The real datum reference for this shaft may not be the machining center points in the ends of the shaft at all. Often these are used for the manufacture of a shaft, but have nothing to do with the true function of the finished part. With a finished shaft, there might be a pair of surfaces that get mounted in bearings to allow it to rotate. These bearing journals are the functionally important surfaces for rotation. Because of this many people would say, let’s set the part in V-blocks on its bearing journals and rotate it. This would not be a true form measurement of roundness either. In this case the TIR would be similar to a runout measurement using the bearing journals as the datum.

However, even this is not truly accurate as a measure of runout. As you can see from Figures 3A and 3B, V-blocks tend to diminish TIR readings on even-lobed parts—sometimes even to 0!—and increase TIR readings on odd-lobed parts, sometimes by as much as a factor of 3. Clearly, this has some drawbacks when attempting to use it as a substitute for runout, and definitely is not an effective substitute for roundness.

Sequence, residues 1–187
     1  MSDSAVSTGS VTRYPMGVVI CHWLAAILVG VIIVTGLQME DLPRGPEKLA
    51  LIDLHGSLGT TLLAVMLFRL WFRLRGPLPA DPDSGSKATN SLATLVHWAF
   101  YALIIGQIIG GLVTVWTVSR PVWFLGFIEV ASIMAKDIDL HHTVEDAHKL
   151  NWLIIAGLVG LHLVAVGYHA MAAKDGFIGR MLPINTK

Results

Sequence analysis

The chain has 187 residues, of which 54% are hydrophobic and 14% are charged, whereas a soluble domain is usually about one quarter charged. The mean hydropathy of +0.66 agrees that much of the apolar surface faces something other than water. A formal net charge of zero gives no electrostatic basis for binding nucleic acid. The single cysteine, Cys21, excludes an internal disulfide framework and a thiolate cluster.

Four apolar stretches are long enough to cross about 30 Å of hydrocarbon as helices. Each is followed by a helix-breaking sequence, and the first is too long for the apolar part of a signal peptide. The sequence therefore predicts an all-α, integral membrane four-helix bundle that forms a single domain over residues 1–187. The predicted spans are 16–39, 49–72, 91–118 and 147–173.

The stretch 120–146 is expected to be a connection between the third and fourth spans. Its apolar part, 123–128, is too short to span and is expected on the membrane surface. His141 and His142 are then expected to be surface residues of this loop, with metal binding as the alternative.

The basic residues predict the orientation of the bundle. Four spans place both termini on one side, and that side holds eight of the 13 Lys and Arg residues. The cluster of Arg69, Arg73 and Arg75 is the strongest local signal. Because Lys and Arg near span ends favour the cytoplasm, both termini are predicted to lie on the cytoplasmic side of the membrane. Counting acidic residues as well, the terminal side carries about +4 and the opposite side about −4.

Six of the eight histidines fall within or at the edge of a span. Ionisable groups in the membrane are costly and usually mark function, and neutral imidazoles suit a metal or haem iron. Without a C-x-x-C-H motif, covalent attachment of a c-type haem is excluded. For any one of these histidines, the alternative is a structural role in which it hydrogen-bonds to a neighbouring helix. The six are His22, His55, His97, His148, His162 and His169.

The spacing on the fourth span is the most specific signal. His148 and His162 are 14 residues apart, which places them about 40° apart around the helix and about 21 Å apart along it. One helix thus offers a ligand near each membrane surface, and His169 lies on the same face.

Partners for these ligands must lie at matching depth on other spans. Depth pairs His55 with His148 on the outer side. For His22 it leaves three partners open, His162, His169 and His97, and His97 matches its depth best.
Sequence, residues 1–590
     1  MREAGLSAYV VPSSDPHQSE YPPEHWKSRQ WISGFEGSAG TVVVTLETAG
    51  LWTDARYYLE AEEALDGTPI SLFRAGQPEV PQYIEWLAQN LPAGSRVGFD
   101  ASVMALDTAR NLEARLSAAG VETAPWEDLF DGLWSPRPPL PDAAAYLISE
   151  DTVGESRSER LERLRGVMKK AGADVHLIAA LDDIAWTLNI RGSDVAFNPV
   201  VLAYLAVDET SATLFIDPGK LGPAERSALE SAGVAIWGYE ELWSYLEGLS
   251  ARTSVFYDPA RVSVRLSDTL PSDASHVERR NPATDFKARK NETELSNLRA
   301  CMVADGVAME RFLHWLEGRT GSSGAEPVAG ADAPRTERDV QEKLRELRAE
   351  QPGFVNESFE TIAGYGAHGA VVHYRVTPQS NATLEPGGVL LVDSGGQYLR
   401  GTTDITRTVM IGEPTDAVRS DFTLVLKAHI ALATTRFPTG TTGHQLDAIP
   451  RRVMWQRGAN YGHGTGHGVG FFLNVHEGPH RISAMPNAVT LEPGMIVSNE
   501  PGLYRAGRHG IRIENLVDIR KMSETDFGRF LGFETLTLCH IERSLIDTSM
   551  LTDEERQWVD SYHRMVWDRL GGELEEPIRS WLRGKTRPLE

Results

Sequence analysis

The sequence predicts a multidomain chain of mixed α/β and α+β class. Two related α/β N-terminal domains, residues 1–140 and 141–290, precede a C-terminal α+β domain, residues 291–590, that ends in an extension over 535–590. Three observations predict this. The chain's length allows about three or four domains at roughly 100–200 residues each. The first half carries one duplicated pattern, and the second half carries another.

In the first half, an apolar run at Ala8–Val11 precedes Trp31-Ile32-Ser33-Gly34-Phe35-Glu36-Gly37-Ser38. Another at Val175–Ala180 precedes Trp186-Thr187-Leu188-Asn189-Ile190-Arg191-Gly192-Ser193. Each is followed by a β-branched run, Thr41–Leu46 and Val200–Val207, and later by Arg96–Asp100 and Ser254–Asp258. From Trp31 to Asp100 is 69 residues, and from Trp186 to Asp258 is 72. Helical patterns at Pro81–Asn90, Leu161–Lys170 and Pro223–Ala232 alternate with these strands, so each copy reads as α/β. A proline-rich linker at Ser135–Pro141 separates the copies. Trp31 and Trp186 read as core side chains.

Runout vs. Roundness

By the same token, people confuse runout with roundness. I usually tell people that runout is roundness pluswhatever centering error you have. If I were to put that indicator on the shaft noted in Figure 2, and rotate it about those centers, I would see some error in TIR that would have to do with how round this thing was. But I would also see this long slow sweep, or wobble that happened once per revolution that had to do with the fact that these centers were not concentric with the surface I was measuring.

This wobble is included in the runout as well as roundness. Now, when people first grasp this, they immediately assume that runout must always be larger than roundness. But the fact is that while runout is usuallygreater than roundness, it doesn’t always have to be. Roundness is departure from a true circle, so if I had a dent in the part that happened to be just exactly opposite the direction the centers were off, I could get a runout number that was lessthan the runout. While unlikely, it is certainly possible and can lead to incorrect conclusions.


 The bottom line (or circle!) is that to measure most form tolerances you need to take care to measure only the form, without location errors clouding the picture. It is tempting to think that you are being conservative if you measure TIR, but this is not the case. In fact, it might very well be that roundness is actually worse than the TIR. So if shape is important to you—and often it is—make sure you take its proper measure.